The official line was always that the men who performed as women were doing a duty, not expressing queerness—although, as historian Aaron Jura points out, these soldier shows became an empowering space for gay soldiers to explore their identities, too. Despite the military’s stringent rules against homosexuality, the boundaries blurred when it came to entertainment, with straight soldiers openly praising performers who looked especially beautiful or could sing with a woman’s tone, Jura said.
The government’s enthusiastic backing of soldier shows began to wane after WWII, along with the rise of fervent anti-communism and the related “lavender scare” that painted queer people as potentially “deviant” national security risks. But, as Jura explained, a culture of subversive drag entertainment persisted among the rank-and-file. Many of these accounts come from the work of historian Allan Bérubé, whose book Coming Out Under Fire details the history of gay men and women in the military.
“Bérubé’s research shows that various shows and acts with men wearing coconut bras and the like have happened in every American war,” Jura told me. “And the interesting part to me is that, whenever one of these underground acts got caught, other service members often helped provide cover. It lends credence to the idea that blowing off steam by horsing around in women’s clothing really was a subculture-like thing within the armed forces.”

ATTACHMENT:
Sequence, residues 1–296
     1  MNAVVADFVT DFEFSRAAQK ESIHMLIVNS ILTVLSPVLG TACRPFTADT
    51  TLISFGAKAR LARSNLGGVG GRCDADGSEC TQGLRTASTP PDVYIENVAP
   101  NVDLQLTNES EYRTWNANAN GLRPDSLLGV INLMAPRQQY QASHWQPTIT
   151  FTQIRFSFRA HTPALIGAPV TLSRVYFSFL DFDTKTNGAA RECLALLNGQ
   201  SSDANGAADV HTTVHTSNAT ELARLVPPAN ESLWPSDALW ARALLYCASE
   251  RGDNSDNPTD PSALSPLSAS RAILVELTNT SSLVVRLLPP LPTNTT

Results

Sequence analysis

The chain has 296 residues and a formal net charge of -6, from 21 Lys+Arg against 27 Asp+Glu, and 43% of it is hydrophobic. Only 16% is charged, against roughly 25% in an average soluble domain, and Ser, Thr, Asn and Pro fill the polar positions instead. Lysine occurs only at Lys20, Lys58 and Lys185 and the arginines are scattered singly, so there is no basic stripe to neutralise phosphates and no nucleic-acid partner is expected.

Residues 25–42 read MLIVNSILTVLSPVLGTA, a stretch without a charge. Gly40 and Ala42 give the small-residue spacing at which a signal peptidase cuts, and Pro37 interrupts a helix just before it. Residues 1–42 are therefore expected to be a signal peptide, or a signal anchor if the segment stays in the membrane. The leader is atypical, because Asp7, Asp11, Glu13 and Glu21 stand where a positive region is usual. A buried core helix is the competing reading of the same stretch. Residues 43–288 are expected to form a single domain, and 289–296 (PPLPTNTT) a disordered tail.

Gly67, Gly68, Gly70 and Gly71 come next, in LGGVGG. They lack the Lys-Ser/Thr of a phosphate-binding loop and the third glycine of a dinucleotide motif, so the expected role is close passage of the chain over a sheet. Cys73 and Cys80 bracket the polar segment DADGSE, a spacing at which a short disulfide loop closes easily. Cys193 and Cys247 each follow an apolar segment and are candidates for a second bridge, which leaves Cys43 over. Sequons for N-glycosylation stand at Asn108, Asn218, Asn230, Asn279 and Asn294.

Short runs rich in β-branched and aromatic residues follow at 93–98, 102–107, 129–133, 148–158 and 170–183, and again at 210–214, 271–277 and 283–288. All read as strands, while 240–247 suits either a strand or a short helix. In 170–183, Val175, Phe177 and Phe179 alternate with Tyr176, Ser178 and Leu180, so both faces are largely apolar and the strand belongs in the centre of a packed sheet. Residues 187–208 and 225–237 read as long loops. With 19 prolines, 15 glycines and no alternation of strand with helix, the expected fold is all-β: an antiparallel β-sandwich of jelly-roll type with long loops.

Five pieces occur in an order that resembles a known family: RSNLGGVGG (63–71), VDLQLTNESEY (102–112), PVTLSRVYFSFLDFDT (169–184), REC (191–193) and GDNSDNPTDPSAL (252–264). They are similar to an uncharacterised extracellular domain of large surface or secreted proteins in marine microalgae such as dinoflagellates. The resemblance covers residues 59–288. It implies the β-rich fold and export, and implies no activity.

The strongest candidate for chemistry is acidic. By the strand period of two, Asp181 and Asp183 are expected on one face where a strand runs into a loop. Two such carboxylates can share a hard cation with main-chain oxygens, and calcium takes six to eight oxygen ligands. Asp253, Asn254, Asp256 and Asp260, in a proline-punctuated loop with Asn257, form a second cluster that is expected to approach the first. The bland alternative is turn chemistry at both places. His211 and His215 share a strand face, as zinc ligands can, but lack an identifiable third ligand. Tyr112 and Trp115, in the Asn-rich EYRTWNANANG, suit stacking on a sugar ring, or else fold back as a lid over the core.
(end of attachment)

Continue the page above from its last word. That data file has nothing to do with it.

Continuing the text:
Paul heard stories not just from his grandfather, but his uncle, who served in the Air Force during the Vietnam War and recalled a gag in which enlisted men in drag danced with Bob Hope to open a USO show. But things started to shift again in the late 1990s and early 2000s, after a series of violent hazing and sexual assault scandals led to a crackdown on behavioral standards, including during line-crossing ceremonies. At the same time, the growing effect of 1994’s “Don’t Ask, Don’t Tell” policy put service members at increased risk of being discharged if outed. Together, these impacts led to the seeming disappearance of drag, at least within line-crossing ceremonies and other traditions in the military.
These changes make it seem like the military believed there was something obscene or unprofessional about the act. But that belies the swelling popularity of family-friendly drag events in a number of military communities, including at Kadena Air Base in Okinawa.
Since the debut show in 2014, Kadena’s drag parties (during Pride and Halloween) have become some of the busiest events on the calendar, drawing hundreds of active service members, veterans, and their families, said Xander Ready, the president of LGBTQ+ advocacy group Out in Oki. The sudden Pentagon ban on June 1, just weeks out from the sold-out event, shattered months of planning and preparation.
“I was heartbroken, frankly,” Ready, whose spouse is on active duty, told me. “It felt like our leadership was hearing out anti-queer rhetoric and not even questioning it.”